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Jl.iIEL4 RD AD TSERr E 1 E XTR
T HUTRSDAY, SEPTE~MEER 14, 1854.
(From the Edgetivid Adveriser, 15th r-b.)
Ma. Earroa,-Sir:-By a recent Act of
the Legislature of this State, granting to two
individuals the right to collect tolls from all
persons passing over the Augusta Bridge, no
ordinary degree of excitement has been crea
ted, not only on the other side of the river,
but also amongst a large and respectable
portion of our own. citizens, WhosL interest
has been seriouily affected by such extraor
And, as I perceive by the Adecrtiser of the
25th ultimo, that our Honorable Senator has
deemed it necessary that lie should appear
before the public, in an article of considera.
ble length, in vindicationi of his course upon
the subject; and as I felt compelled, by a
high sense of duty, to oppose an Act which
I regarded as unwise, inexpedient and un
ealled for, it is but just to myself, as well as
dlue to my constituents, that I should state
the facts and give the reasons which govern
ed me upon that occasion. In so doing, I
shall notice some of the arguments of our
Senator, who endeavors to prove that, by
the striet law, the one-half of the Augusta
Bridge reverted to the Stato, at the expira.
lion of the Charter granted to the City Coun.
cil of Augusta, by this State. While I will
not prestitn to argue the legal question, as I
am riot a lawyer, I am satisfied to learn from,
the argument of the Senator, that while. w
law did not exact and require a g.t.
Messrs. JoNsu & KNssNm-1v, thero w..
imy view, ma nv considerat ionis of ju -
good policy igaiiist it. Onr own -
have always re: pre't.-d the title of the &:
Council of'A : to their Bridge ; for in
every case tl:at ': -in between them anl
the other pnt:: ciaiiiming the Bridge, our
Courts, as well as the Stjprene Court of the
United States, have invariab!y derided in fa.
vor of the City Conneil of Angiusta : mlnd it
will be seen that the .egidature -of Sout h
Carolina has heretofore reg,.arded the whole
Bridge as beonging to that Cormtniion;
hence in the act of I 815, granting the Char
ter to the South Caroina Rail Rond Com.
panly, it is provided, that that Company
should make compensation to the City Coun
cil of Augti3a, for that portion of the Bridge
within the jurisdiction of this Sta.te.
Again: in 1818, a Charter nas grmnted to
SHULTZ & MCAlNNI:, in the event that tile
suit then pending should be deid-.d ag:.in-t
the City Coaneil of Auigu sta ; but the ti:e of i
the City Council was so.tined by tho de.
eision of the Supreme Court of the Uni- ed
States, and, conseq'ienldv, SucLr & Mc
Krts:'s Charter fill to the gromnd. . In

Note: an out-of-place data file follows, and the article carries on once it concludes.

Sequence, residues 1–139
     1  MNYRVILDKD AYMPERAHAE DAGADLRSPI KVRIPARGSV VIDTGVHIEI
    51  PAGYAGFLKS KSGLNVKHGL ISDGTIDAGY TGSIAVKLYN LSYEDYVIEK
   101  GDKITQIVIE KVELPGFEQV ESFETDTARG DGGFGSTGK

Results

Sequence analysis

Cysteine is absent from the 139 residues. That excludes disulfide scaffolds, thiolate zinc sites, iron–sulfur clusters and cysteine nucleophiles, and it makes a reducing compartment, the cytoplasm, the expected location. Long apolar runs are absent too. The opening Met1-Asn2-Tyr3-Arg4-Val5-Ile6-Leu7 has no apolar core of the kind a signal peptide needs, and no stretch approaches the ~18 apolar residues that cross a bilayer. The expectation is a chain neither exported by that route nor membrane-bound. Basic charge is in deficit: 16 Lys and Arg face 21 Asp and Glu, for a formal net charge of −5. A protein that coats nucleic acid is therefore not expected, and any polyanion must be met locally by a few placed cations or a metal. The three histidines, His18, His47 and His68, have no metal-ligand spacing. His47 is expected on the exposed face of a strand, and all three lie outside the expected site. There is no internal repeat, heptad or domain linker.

1849, it was enaictedl thiat, *::'-rz & Mel<i
wmi, Ehonhil be aunthnried to tai( tolN fanno ii
all personis passing uver the r iige fI)
South Carolina to Georgia, prcde, quehl
collecting of toils did not suIject thet cma
munitv and the Rail Road Conpatnv to doin.
ble tolls. Now, it w'ill be perceived, that in
every one of these A et,, provisos are in-ei t.
ed, bv which the rights o0 the City Counl
are respected, and t1he interes of the plic
pre protected. Col. Caninm. vda-ilt that
the Charter gramited to the Rail hRoad (-o.I
pany was only intendei to streigthen th-it
Company in their negotiatimn with the Ci'y
Council of Augusta; but it seems !hat sileh
legidlation eily tended to weak~ecn thie poi
tin of thu Coinpany. For in 1!41, the
Ciiy Council paid one hundred thousndi dol
lars (or the Bridge, anl soon after offered it
to the Rail Road Copilan y for the saime sum,
wbich they refused to give; anid thus mat.
ters stocd until 14~>, n hen tle Legislntre,
as alreadyv stated, granted the Chi ter ti the
Rail R oad Comaptmy as. a coercive, hut uin
,'necessfuh tneasure. .N r were these nsego
tiationis fairly entertatiined until the tint ofI
- the City Council hadl been tested anid im
pliedly recognized byv a decision of our own
Court, enjoining Messis. J1omc:s & Kn:Nmnu
from collecting toll-but leavingz the. to! is to
be collected by the City Conneil excnsively,
where it was thought the matter hatd ended.
All the former ditiieulties having been re
moved by this decisiocn of the Court, ini the
action of the Rail Roadh Company who hnid
brought the suit, the City Council soon mean
ifested at disposition to makie ain arracngemient
with that Comnicy biy which th'eir purposes
might be accomiplished. Accordingly an
agreement was entered into, to) the elTect,
that the Rail Road Company, by payving to
the City Cobuncil of Augusta $100,030, weie
to have the privilege of crossing the river
upon a Buidge to lie erected by tiemsolves.
1 have not alluded to these facts for the pur
pose of dlefendinig the City Council of Au
gusta:, but to disabuse the public iniind, and
remove as far as piossile those prejoudices
which, in my view, are unjustly excited
against a neigihboring City: and more par
icula' y to show that all these efforts tupon
the part of our Legidlature to frighteni, or to
force that City into terms, have proved un-.
availing, and have recoiled upon our own
Mruch has been said about the gras~ping
rapacity of tho City of Angusta; and the
price the Rail Road Company had to pay
-for crossing the river, is often adduced as
evidence against her. Now, if that Comnpa.
my refused the liberal offer which wvas made
to themi by the City Council of Angusta,
abortly after they purchased the Bridge, it
was certainly their own fault, for then they
had an opportunity of purchasing the Bridge
for $ 100,000, the sum which they eventual.
ly had to pay, merely for the privilege oh
building a. Bridge upon which to cross-and
that the City Council of A uignsta were thus
exacting, may justly h.. r~ imu:tod to the un